Canned light tuna contains the least amount of mercury, and the FDA suggests limiting yourself to no more than 12 ounces a week, or no more than four 3-ounce cans.
You just have to eat a lot of high-mercury fish for that to happen. Our advice: Almost all guys will be perfectly fine eating a can of light tuna four times a week.
Consumer Reports released an article on Thursday, asking the Food and Drug Administration to reconsider its new recommendations for weekly tuna consumption. Light tuna, on the other hand, can be eaten a bit more frivolously—the organization suggests no more than 13 ounces per week, or just under three cans.
While the tuna diet offers rapid weight loss, it’s not a sustainable, long-term solution. In fact, it poses several risks, including slowed metabolism, loss of muscle mass, and mercury poisoning. For lasting results, the best option is to follow a balanced meal plan with sufficient calories to meet your needs.
Though tuna is very nutritious, it’s also high in mercury compared to most other fish. Therefore, it should be eaten in moderation — not every day. You can eat skipjack and light canned tuna alongside other low-mercury fish a few times each week, but should limit or avoid albacore, yellowfin and bigeye tuna.
Too much mercury in your diet can cause anxiety, mood changes, memory problems, and depression. And in high amounts, it can mess with your vision, hearing, motor skills, and speech or even KILL you. You ‘d have to eat a lot of tuna to make that happen.
Normal whole blood mercury concentrations are less than 10 mcg/L. Levels greater than or equal to 50 mcg/L are considered significant for methylmercury exposure, whereas levels greater than or equal to 200 mcg/L are considered significant for ionized inorganic mercury, Hg2+.
Canned white, or albacore (0.32 parts per million of mercury ). Children under six can eat up to one 3-ounce portion a month; children from 6-12, two 4.5-ounce portions a month. Adults, including pregnant women, can safely eat this kind of tuna up to three times a month (women, 6-ounce portions; men, 8-ounce portions).
Most of the popular species of fish and shellfish consumed in the U.S. have been shown to have low mercury levels. Seafood choices that are very low in mercury include: salmon, sardines, pollock, flounders, cod, tilapia, shrimp, oysters, clams, scallops and crab.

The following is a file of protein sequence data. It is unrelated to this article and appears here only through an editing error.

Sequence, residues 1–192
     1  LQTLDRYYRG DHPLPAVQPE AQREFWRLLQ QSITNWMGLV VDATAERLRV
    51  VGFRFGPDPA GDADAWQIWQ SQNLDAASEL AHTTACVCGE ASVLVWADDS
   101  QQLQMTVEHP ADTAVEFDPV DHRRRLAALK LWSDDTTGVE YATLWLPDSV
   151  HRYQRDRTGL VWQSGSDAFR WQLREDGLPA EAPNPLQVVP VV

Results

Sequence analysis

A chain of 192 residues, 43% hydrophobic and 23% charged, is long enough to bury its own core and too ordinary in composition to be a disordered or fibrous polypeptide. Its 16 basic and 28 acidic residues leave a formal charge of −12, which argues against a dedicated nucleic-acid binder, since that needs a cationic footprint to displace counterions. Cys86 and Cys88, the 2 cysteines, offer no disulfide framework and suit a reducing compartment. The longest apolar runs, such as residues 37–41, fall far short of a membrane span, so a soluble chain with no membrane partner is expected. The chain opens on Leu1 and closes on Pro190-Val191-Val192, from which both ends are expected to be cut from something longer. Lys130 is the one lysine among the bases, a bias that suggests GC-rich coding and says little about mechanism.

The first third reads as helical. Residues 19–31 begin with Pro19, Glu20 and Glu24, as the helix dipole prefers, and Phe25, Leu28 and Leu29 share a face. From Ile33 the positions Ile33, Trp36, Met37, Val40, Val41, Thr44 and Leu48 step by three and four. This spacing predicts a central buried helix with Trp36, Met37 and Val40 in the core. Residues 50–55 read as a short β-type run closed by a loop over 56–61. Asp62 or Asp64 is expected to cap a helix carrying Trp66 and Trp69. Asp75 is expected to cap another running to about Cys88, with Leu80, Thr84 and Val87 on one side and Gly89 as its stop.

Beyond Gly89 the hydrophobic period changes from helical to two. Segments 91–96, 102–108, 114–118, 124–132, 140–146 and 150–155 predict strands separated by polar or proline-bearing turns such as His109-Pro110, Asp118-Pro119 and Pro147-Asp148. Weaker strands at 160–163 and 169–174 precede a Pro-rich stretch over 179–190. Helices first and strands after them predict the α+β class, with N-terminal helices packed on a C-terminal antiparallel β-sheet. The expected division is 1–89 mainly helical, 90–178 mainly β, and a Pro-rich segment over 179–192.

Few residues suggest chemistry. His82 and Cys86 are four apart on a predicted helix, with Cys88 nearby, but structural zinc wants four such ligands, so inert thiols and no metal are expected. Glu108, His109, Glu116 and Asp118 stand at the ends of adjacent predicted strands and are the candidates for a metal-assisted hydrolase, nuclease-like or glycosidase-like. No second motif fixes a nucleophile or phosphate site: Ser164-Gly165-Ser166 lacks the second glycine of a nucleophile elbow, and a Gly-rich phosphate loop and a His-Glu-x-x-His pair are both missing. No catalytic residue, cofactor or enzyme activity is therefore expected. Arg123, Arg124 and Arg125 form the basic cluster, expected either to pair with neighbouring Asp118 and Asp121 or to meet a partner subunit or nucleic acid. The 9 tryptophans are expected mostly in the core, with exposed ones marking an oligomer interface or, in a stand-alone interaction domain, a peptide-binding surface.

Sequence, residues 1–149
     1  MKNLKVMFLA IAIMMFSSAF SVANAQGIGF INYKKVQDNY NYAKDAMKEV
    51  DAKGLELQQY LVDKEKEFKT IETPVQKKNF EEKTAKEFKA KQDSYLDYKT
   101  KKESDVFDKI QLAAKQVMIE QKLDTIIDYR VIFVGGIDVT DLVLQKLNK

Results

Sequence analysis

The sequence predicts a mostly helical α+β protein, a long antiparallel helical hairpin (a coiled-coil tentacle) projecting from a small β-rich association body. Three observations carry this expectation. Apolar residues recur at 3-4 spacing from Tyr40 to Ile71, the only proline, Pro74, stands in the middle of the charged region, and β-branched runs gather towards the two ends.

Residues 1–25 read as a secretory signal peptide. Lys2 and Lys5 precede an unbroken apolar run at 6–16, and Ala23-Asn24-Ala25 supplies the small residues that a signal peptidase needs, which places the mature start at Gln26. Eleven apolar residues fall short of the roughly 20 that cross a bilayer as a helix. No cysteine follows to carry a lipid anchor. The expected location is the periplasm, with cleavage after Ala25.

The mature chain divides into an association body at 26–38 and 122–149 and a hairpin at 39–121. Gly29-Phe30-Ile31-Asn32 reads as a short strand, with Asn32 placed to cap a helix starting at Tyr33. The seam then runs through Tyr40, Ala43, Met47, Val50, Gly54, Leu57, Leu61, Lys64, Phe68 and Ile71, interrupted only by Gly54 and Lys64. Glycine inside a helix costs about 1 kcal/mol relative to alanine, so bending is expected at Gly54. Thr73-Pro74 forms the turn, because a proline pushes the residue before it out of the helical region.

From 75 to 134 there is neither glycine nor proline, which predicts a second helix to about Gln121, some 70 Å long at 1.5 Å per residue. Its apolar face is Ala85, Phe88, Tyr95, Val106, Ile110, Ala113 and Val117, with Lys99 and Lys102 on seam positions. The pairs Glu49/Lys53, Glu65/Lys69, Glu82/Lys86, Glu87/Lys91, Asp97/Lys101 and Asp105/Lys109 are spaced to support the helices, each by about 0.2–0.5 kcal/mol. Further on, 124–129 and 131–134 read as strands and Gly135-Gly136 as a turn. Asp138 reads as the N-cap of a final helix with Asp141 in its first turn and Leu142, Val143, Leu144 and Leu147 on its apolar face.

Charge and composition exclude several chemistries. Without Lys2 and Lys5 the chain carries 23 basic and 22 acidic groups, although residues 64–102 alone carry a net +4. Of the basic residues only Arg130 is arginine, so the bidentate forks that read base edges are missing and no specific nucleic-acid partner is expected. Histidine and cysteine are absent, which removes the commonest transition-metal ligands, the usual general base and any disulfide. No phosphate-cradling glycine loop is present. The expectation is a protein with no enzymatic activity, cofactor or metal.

Some canned tuna isn’t even albacore, it’s skipjack which is a small fish that tastes similar to albacore. Since the canned tuna can be stored without refrigeration for a long time it can be shipped much cheaper than fresh tuna and with less risk of spoilage or other loss of quality, also keeping the price low.
Tuna. Flickr/sashafatcat Tuna is another low-calorie, high-protein food. It is lean fish, so there isn’t much fat in it. Tuna is popular among bodybuilders and fitness models who are on a cut because it’s a great way to keep protein high, with total calories and fat low.
Canned light tuna is the better, lower-mercury choice, according to the FDA and EPA. Canned white and yellowfin tuna are higher in mercury, but still okay to eat. Bigeye tuna should be avoided completely, but that species isn’t used for canned tuna anyway.
To lose 10 pounds in 3 days would mean decreasing your calorie intake by 35,000 calories in just 3 days! The Academy of Nutrition and Dietetics recommends a slow and steady weight loss of no more than 1/2 to 1 pound a week.
8 Ways to Lose Belly Fat and Live a Healthier Life Try curbing carbs instead of fats. Think eating plan, not diet. Keep moving. Lift weights. Become a label reader. Move away from processed foods. Focus on the way your clothes fit more than reading a scale. Hang out with health-focused friends.
Tuna is another low-calorie, high-protein food. It’s lean fish, meaning it’s low in fat. Tuna is popular among bodybuilders and fitness models who’re on a cut, as it’s a great way to increase protein intake while keeping total calories and fat low.